wind tunnel

[ wind ]
/ wɪnd /

noun Aeronautics.

a tubular chamber or structure in which a steady current of air can be maintained at a controlled velocity, equipped with devices for measuring and recording forces and moments on scale models of complete aircraft or of their parts or, sometimes, on full-scale aircraft or their parts.



We’ve gathered some interesting words donated to English from Portuguese … as well as some that just don’t translate at all. Do you know what they mean?
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Which of the following animal names traces its immediate origin to Portuguese?

Origin of wind tunnel

An Americanism dating back to 1910–15 Unabridged Based on the Random House Unabridged Dictionary, © Random House, Inc. 2021

Example sentences from the Web for wind tunnel

  • The best degree of fineness for any given velocity is found by means of wind-tunnel research.

  • And when the last bolt had struck, the tide turned and rolled back down the wind-tunnel, a blinding river of living light.

    A World is Born|Leigh Douglass Brackett
  • The best angles of incidence for these varying factors are found by means of wind-tunnel research and practical trial and error.

  • Dio staggered out of the wind-tunnel and sagged down beside Jill.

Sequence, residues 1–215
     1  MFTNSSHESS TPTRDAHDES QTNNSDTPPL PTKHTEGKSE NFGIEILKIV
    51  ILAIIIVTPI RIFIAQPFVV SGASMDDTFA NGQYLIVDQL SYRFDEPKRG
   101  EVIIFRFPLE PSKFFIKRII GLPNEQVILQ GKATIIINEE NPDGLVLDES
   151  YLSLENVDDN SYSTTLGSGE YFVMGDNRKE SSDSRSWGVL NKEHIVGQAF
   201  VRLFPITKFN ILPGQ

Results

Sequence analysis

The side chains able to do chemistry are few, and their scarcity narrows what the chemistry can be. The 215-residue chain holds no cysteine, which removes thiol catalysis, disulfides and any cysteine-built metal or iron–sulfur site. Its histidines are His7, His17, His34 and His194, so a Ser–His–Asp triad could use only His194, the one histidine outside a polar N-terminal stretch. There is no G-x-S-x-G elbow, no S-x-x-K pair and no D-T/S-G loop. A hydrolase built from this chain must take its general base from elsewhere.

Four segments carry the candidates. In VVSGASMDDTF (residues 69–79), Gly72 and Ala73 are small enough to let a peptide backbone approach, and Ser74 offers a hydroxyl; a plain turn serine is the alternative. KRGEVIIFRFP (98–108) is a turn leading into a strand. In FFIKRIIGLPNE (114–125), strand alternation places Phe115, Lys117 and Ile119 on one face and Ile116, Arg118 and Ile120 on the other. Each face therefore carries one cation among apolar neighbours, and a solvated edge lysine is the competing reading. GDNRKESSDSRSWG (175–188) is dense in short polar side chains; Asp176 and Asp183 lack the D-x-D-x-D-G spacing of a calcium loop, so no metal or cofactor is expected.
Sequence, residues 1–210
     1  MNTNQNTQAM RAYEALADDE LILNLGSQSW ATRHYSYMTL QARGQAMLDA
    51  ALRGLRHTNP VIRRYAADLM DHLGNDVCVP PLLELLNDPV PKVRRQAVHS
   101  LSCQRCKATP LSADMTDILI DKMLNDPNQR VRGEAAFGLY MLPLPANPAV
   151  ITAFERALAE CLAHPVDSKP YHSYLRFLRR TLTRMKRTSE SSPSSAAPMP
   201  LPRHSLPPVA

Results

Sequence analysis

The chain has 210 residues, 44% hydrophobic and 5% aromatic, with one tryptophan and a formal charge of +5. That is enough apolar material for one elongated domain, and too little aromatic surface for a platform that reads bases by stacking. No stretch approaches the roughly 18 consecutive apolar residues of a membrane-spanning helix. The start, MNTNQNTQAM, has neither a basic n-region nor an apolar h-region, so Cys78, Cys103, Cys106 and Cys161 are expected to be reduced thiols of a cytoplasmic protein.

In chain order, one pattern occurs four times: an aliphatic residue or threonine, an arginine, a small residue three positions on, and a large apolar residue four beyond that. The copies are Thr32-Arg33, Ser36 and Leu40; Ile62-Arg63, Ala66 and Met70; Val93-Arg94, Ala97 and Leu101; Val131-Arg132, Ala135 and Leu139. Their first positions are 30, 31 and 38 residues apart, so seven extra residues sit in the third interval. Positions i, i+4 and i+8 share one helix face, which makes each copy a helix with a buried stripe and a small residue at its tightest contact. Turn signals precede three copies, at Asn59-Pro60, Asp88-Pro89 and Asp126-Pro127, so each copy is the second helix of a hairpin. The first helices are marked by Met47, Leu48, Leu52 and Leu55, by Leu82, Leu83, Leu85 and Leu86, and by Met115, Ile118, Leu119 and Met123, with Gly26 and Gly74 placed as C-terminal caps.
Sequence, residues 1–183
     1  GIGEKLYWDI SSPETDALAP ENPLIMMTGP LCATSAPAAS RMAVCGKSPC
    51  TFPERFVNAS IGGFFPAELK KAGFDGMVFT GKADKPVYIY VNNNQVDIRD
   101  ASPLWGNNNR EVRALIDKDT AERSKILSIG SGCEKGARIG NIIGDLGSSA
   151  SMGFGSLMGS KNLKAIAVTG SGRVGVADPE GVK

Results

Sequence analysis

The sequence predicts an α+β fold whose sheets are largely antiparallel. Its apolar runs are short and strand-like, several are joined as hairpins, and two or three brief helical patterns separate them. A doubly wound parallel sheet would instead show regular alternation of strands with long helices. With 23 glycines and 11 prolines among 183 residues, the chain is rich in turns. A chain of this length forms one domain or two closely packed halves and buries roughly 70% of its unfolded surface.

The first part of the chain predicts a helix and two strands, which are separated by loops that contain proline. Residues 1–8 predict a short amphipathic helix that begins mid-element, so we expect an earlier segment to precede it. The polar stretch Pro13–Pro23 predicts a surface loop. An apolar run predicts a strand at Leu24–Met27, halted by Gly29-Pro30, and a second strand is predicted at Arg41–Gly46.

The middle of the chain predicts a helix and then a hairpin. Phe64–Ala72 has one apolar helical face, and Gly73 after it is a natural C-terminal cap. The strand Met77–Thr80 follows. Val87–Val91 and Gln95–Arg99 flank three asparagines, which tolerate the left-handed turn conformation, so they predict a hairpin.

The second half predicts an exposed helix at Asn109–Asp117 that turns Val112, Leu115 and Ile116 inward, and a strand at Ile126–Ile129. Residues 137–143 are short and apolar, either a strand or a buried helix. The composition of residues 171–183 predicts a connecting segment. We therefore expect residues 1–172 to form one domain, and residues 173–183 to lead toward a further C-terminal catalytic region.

A World is Born|Leigh Douglass Brackett

British Dictionary definitions for wind tunnel

wind tunnel
/ (wɪnd) /


a chamber for testing the aerodynamic properties of aircraft, aerofoils, etc, in which a current of air can be maintained at a constant velocity
Collins English Dictionary - Complete & Unabridged 2012 Digital Edition © William Collins Sons & Co. Ltd. 1979, 1986 © HarperCollins Publishers 1998, 2000, 2003, 2005, 2006, 2007, 2009, 2012

Scientific definitions for wind tunnel

wind tunnel

A chamber through which air is blown at controlled speeds to simulate the motion of objects placed in the chamber through the air, used to study the aerodynamic properties of objects such as automobiles, airplanes, and missiles.
The American Heritage® Science Dictionary Copyright © 2011. Published by Houghton Mifflin Harcourt Publishing Company. All rights reserved.